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Verbal Zero

  • Laura RuppEmail author
  • David Britain
Chapter

Abstract

In Chapter  2 we probe verbal zero, which is the opposite of verbal –s: the absence of –s in the 3rd sing. (e.g. the boy walk_). We show that in both historical and contemporary uses, verbal zero typically emerges in varieties of English that have experienced language contact (e.g. English varieties in East Anglia and Tristan da Cunha, African American Vernacular English, and English as a Lingua Franca). We identify a new constraint on verbal zero which is the reverse of the Northern Subject Rule (NSR) and which we call the East Anglian Subject Rule (EASR). Specifically, in the EASR, the use of the morpheme –s is favoured by pronouns over nouns. We provide a formal syntactic account of the EASR and conclude that in verbal zero varieties, –s is a 3rd sg. agreement that has been imposed by standardisation.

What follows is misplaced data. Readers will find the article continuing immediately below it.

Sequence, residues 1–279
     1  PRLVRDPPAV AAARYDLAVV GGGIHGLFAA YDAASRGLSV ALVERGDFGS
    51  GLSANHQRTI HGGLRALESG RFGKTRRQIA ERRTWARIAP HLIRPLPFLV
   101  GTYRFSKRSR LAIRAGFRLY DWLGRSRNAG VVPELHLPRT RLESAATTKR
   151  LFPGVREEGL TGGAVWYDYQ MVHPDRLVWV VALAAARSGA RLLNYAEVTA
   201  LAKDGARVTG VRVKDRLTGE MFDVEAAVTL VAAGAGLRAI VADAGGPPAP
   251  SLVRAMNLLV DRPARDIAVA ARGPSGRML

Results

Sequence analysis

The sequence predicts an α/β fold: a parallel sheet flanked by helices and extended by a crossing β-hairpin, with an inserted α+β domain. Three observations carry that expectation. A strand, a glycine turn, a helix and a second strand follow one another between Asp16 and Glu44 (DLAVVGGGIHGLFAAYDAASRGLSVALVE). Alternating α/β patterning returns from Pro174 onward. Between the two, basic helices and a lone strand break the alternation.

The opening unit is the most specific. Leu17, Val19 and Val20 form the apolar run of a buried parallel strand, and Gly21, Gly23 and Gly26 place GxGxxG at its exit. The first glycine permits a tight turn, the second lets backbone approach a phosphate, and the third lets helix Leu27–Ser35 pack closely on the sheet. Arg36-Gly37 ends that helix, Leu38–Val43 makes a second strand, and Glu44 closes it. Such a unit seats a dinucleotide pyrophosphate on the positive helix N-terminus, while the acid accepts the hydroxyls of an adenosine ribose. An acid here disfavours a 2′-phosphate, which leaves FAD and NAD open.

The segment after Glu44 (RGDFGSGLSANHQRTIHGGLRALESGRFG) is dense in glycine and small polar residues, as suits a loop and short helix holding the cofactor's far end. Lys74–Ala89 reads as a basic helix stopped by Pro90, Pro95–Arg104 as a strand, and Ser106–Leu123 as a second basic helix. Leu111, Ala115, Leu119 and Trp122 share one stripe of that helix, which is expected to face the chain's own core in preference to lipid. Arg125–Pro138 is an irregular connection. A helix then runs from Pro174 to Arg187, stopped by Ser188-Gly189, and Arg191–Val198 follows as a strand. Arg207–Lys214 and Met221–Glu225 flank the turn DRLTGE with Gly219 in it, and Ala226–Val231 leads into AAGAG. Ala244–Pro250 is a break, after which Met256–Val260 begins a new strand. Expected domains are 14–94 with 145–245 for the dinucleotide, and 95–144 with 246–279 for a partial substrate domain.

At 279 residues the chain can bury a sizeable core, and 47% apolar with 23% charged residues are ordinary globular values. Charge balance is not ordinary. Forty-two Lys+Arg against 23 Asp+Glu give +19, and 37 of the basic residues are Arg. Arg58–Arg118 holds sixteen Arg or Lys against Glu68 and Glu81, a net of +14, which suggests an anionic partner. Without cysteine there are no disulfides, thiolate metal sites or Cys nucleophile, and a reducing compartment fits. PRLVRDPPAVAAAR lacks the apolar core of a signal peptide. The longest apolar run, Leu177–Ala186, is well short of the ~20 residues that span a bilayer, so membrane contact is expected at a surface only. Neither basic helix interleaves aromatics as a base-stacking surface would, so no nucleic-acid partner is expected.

Keywords

Verbal zero Language contact The East Anglian Subject Rule (EASR) East Anglia Tristan da Cunha African American Vernacular English English as a Lingua Franca Generative syntax 

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© The Author(s) 2019

Authors and Affiliations

  1. 1.Faculty of HumanitiesVrije Universiteit AmsterdamAmsterdamThe Netherlands
  2. 2.Department of EnglishUniversity of BernBernSwitzerland

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